Ars Technica reports security firm FireEye says its researchers have discovered a new bug in iOS that allows malicious apps to monitor and log a user’s touch and button input while running in the background.
The exploit reportedly targets a flaw in iOS’ multitasking capabilities to capture user inputs, and allows for them to be sent to a remote server.
The researchers created a proof-of-concept monitoring app, and developed approaches to “bypass” the Apple App Store review process. Once the app is installed, it was able to monitor and capture user actions that included keyboard inputs, use of the volume, home, and power buttons, screen touches with exact coordinates, and Touch ID events.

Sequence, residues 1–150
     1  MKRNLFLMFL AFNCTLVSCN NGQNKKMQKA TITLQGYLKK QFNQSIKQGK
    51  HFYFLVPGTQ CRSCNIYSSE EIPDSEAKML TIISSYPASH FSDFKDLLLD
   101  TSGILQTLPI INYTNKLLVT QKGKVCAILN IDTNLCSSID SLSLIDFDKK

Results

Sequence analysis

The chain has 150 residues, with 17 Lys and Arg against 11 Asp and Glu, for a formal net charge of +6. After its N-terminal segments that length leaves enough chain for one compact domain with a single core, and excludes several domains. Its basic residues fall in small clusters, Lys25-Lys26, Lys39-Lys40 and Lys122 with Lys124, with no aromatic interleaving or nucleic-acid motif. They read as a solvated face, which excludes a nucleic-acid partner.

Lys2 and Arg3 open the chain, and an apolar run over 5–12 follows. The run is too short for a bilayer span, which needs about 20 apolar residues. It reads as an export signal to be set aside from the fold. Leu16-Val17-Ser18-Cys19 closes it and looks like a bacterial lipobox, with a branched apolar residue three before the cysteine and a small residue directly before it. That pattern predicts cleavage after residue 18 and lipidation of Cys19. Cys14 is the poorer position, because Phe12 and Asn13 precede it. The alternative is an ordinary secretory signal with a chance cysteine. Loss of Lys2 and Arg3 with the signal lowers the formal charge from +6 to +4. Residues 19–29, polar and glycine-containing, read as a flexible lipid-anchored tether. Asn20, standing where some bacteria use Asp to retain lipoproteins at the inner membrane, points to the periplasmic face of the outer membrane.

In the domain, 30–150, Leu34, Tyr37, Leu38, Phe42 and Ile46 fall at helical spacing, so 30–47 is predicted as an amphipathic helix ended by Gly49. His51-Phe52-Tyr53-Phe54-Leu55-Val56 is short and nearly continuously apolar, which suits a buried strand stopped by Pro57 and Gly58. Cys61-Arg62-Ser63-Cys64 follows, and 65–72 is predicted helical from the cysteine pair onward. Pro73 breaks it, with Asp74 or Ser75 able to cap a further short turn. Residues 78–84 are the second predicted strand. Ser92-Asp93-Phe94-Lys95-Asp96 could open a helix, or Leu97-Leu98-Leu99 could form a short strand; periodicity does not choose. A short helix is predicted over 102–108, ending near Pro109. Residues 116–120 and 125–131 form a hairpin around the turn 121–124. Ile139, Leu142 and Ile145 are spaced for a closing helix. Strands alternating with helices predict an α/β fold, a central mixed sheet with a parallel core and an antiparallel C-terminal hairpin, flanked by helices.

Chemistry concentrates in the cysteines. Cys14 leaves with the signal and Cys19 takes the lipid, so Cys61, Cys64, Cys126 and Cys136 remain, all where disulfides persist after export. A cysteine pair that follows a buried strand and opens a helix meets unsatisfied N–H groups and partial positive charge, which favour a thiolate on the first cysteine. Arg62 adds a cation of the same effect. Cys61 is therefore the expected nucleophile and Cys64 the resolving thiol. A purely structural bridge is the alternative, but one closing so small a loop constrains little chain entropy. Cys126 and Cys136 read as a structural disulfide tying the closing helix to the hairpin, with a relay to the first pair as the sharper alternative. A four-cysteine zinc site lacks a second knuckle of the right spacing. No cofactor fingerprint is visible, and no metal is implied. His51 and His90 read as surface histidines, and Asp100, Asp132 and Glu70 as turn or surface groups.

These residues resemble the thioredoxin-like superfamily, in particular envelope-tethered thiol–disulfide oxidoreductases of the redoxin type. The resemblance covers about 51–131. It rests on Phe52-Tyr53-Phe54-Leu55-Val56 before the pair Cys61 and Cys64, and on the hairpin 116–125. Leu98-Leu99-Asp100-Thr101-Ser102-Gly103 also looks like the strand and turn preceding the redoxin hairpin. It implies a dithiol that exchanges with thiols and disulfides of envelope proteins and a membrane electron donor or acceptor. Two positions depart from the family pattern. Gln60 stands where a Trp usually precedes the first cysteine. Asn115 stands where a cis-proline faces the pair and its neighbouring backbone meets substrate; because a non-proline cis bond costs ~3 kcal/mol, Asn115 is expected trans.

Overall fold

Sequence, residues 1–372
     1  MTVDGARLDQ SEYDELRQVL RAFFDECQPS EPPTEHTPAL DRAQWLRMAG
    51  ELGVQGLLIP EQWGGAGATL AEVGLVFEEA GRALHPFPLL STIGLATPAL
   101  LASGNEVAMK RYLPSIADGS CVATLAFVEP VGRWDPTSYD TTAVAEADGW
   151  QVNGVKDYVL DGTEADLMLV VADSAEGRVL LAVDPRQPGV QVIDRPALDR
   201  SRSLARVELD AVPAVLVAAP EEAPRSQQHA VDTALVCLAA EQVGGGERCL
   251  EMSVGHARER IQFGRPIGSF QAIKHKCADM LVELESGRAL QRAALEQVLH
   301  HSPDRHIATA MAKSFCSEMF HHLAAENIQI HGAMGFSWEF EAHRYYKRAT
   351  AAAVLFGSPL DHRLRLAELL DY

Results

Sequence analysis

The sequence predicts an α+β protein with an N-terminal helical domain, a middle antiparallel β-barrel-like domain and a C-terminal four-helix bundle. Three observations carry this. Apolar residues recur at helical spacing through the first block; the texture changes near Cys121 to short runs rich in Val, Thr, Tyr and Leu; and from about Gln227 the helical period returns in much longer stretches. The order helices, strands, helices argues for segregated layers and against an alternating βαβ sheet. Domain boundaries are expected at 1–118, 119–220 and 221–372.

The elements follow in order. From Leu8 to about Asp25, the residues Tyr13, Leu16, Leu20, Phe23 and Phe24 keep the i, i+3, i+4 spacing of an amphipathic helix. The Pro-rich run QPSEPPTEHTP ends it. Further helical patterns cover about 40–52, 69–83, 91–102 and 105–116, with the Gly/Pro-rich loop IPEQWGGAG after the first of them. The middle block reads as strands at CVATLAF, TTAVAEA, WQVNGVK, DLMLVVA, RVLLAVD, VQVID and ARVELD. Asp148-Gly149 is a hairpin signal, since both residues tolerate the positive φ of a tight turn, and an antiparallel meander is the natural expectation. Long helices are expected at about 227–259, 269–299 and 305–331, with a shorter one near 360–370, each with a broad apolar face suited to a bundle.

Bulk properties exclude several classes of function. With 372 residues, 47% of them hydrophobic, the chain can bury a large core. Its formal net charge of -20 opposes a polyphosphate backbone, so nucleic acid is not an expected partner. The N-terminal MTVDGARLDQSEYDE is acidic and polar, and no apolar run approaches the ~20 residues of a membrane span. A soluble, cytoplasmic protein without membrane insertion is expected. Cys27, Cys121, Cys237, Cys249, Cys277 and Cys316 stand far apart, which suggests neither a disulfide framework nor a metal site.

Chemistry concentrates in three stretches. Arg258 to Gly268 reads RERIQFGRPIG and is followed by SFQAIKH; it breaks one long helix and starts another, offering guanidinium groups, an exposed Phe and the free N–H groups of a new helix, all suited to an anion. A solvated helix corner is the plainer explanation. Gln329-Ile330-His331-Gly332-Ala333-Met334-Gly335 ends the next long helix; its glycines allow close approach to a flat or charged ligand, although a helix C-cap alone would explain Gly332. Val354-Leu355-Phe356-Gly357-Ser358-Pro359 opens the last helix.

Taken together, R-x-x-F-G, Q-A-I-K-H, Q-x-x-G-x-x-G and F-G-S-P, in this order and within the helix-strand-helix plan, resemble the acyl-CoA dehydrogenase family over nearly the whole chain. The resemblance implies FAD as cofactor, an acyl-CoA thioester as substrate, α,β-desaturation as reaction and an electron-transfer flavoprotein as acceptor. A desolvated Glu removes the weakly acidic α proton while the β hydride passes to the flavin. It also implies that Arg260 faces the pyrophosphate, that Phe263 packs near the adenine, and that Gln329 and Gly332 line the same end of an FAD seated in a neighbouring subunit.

Disabling BackGround App Refresh for the app did not disable the malicious apps monitoring capabilities. Removing the app manually via the device’s task switcher is the only present solution.
FireEye noted the flaw has been identified in current versions of iOS:
Note that the demo exploits the latest 7.0.4 version of iOS system on a non-jailbroken iPhone 5s device successfully. We have verified that the same vulnerability also exists in iOS versions 7.0.5, 7.0.6 and 6.1.x. Based on the findings, potential attackers can either use phishing to mislead the victim to install a malicious/vulnerable app or exploit another remote vulnerability of some app, and then conduct background monitoring.
The group noted that they are cooperating with Apple to fix the issue. Apple has not yet commented on the issue.
News of the vulnerability comes less than a week after Apple issued iOS 7.0.6 in response to a SSL vulnerability that allowed bad actors to capture or modify data from Safari in supposedly secure browser sessions. That bug was also found to be present in OS X, and Apple has confirmed that it will issue an OS X software patch “very soon” to fix the bug.